The second factor of mind which is present in the first jnanic state is called vichara, and is usually translated as “sustained application.” The object of meditation becomes more real, more attractive, and more vivid as the mind stays with it. What happens is that the breath as the object becomes just as real and moving and compelling as the various thoughts that are coming up in the mind; therefore, the mind can more easily be sustained on the breath. When there is sustained application with the object, doubt is dispelled. The mind goes beyond its normal skepticism and self defeating viewpoints and becomes engaged with a sense of aliveness in the object. There is no doubt at this point about our selves, about our life, or about our practice.
The third factor in the first jnanic state occurs when there is full engagement with the object. As a consequence of this sustained application and engagement, pitti arises, which is a sense of physical joy, zest, and delight in the body. Even the aches and pains of the body go away! The breath becomes delicious and smooth, with no labor in the breathing. You can feel the catlike elegance of the body. Even an elderly body can feel this way! It is a kind of sensual pleasure, and so that is why these first four states are called the “fine material” states. They are in this material world of body and breath, but are more refined. The state of pitti is different from ordinary sensual delight in that it is more refined and actually more delightful.
The jnanic states are not the opposite of the hindrances. It is just that when they arise, the hindrances can’t be there also. I cannot be standing up and lying down at the same time. Similarly, when these states arise, the hindrances can’t be there. When pitti arises, there cannot be irritation or ill will or crabbiness. How can you be crabby when you are feeling so delightful?
The fourth factor in the first jnanic state is called sukha, which means happiness. Sukha is the psychological analogue of pitti. You feel happy and have a tremendous sense of well being and gratitude. You feel fullness and satisfaction. You do not need anything more than what is going on in this moment. When sukha is present in your mind and heart, there is no restlessness and worry. Restlessness only comes when you are not satisfied with what is here now. It is the feeling that you aren’t really getting something that you want. And worry is the feeling that you might lose something later. When you feel delight and happiness with what is here now, how could you be restless or worried?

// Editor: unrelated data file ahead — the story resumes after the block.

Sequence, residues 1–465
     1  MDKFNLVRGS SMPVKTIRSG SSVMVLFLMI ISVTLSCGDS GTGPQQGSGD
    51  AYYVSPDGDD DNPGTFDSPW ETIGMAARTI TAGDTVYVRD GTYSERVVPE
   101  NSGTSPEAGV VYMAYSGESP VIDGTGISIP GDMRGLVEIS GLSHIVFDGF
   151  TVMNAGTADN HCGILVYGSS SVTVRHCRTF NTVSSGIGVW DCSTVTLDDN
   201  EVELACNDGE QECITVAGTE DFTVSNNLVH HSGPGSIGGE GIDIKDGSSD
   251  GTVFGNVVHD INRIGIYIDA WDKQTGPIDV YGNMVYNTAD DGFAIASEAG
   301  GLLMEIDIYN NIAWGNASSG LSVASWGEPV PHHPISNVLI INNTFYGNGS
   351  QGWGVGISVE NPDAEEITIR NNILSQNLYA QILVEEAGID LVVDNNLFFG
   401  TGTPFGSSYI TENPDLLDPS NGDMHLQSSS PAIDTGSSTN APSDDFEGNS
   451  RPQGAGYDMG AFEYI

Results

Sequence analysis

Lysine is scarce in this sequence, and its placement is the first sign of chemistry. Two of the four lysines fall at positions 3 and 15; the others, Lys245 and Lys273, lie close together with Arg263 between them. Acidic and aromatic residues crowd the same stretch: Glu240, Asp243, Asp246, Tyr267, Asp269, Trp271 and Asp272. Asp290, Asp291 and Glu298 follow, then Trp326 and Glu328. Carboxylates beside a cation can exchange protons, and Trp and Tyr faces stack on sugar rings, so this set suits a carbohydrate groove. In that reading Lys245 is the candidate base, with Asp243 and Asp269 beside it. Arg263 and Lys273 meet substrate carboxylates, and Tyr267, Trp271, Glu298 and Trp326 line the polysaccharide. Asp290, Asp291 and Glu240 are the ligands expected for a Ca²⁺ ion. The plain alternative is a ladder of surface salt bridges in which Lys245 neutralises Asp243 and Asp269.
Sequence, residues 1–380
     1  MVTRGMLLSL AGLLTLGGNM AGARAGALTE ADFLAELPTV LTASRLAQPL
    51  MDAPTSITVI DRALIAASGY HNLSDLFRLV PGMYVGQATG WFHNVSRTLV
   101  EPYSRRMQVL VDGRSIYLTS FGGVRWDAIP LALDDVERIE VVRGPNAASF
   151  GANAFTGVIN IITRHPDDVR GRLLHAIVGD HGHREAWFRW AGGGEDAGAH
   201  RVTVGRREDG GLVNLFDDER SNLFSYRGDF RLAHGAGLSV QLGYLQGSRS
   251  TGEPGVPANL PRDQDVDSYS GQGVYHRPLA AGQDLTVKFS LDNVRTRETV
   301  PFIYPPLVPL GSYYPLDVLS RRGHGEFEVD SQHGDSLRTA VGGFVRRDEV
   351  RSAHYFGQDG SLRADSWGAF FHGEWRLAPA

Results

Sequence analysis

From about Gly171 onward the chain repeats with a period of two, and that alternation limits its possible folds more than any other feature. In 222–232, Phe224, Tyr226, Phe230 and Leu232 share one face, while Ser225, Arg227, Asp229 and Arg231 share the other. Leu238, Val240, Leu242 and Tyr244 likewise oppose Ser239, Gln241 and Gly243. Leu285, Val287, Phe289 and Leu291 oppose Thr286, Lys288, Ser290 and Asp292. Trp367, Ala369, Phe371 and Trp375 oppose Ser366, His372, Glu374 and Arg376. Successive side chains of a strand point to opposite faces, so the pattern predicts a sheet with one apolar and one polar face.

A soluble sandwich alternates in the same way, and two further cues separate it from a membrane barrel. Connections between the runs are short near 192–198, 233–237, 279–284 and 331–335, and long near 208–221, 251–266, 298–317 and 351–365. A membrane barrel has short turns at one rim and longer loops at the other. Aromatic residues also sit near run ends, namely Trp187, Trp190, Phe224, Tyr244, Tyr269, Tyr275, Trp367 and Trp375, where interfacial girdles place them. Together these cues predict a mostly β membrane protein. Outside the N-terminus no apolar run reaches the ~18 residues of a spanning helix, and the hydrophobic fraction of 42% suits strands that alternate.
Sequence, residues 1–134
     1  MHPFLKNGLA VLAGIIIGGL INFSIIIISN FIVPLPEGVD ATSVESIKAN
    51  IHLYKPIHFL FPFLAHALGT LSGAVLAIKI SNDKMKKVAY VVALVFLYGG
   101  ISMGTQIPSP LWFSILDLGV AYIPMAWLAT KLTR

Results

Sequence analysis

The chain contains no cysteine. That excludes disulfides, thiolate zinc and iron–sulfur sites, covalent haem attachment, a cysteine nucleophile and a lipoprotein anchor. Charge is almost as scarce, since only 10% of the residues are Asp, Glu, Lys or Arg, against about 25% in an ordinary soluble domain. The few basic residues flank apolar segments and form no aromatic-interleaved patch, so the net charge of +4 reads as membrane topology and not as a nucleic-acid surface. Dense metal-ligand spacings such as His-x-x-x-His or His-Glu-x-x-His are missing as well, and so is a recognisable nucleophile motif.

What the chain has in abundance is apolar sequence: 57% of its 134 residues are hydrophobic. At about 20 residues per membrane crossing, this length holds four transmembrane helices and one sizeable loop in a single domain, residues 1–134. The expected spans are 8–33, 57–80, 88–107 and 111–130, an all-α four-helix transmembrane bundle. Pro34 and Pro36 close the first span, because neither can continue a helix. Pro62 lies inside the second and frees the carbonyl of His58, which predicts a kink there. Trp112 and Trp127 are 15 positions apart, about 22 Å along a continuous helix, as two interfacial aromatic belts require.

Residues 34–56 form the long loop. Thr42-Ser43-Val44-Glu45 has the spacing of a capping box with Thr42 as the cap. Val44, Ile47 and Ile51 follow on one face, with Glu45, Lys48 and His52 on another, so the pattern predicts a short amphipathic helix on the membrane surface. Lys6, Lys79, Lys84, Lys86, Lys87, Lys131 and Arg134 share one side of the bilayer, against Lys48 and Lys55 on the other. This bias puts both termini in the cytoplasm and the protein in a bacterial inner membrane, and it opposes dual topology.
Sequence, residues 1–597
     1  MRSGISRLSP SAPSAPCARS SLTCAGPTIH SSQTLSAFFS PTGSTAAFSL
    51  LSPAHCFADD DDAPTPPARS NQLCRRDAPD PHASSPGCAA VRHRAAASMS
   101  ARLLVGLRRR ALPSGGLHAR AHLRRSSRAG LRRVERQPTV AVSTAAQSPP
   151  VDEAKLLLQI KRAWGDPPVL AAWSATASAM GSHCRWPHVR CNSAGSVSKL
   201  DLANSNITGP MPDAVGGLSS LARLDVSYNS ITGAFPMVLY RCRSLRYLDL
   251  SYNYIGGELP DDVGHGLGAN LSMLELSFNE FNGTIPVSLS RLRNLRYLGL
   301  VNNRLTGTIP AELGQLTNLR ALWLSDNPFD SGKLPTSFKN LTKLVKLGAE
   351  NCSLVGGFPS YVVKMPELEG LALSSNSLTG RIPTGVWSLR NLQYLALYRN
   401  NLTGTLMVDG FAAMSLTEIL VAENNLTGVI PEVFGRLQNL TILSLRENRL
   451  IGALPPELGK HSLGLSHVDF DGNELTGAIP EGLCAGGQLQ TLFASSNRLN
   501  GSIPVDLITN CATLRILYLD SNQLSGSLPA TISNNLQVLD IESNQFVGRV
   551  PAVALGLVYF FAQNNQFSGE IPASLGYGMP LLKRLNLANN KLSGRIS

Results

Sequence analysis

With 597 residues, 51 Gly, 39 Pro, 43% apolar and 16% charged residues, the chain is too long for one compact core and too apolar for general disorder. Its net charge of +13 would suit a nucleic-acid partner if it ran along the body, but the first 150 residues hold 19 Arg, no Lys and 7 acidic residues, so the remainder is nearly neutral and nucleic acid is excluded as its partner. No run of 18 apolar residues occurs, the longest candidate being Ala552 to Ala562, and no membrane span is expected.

The fifth factor is one pointedness of mind, or samadhi. The mind is steady and stable with the object. If there is some thinking or sensation in the body, or even if something negative arises in the mind, it doesn’t make much difference. The mind just lets it come and go. The mind is so focused with a sense of well being on its object that whatever arises would be like a passing cloud. We might even see the thought or sensation as beautiful. When the mind is one pointed in this way, the hindrance of sense desire falls away. There is no desire for anything. There is just this moment.
So the first jnanic state is the most important one. In the second, third, and fourth jnanic states, these wonderful states of mind becomes more refined and more stable. It becomes second nature to us. In the second jnanic state, according to the classical description, vitarka and vichara fall away. Application and sustained effort on the object simply disappear. In the second jnanic state you don’t have to try to meditate. Zazen does itself. You don’t have to do zazen; you can let zazen do you. At this point your practice has a power of its own, and you don’t need to exercise your will or intention. The practice becomes easy and automatic, but also very alive and very vivid.